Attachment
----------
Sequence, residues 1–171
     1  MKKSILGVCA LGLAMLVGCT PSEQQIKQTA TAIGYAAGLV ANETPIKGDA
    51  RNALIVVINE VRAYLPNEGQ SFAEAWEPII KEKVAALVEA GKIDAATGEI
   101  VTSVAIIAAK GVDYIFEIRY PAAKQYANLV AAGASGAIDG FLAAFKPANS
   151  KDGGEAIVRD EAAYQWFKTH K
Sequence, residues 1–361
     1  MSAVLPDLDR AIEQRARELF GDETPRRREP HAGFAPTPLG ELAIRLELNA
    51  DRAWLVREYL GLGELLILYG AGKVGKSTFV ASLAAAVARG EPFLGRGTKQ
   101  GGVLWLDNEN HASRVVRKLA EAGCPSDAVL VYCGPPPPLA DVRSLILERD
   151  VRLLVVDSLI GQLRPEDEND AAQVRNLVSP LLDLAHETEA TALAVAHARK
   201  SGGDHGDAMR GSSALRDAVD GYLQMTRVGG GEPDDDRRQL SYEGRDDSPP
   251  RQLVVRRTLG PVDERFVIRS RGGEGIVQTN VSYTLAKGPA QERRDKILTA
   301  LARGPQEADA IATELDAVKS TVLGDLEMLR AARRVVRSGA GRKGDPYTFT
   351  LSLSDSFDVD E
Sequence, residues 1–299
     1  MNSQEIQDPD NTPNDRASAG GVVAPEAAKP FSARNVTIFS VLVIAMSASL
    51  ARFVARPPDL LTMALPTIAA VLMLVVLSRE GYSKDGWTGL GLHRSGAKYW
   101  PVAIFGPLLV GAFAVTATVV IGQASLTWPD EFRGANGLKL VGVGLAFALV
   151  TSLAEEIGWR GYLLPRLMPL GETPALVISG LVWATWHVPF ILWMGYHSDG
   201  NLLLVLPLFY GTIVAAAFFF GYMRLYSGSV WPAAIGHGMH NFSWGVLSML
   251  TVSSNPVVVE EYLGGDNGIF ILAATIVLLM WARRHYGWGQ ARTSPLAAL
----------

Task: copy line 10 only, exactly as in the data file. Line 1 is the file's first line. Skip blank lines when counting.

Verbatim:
   151  VRLLVVDSLI GQLRPEDEND AAQVRNLVSP LLDLAHETEA TALAVAHARK